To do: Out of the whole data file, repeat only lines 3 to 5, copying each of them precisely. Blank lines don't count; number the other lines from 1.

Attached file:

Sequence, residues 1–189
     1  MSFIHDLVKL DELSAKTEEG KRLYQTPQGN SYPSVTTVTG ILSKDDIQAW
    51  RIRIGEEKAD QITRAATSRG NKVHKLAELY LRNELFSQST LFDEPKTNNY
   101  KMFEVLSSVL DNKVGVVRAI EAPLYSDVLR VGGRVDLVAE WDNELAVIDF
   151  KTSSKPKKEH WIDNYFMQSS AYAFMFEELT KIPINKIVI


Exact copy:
    51  RIRIGEEKAD QITRAATSRG NKVHKLAELY LRNELFSQST LFDEPKTNNY
   101  KMFEVLSSVL DNKVGVVRAI EAPLYSDVLR VGGRVDLVAE WDNELAVIDF
   151  KTSSKPKKEH WIDNYFMQSS AYAFMFEELT KIPINKIVI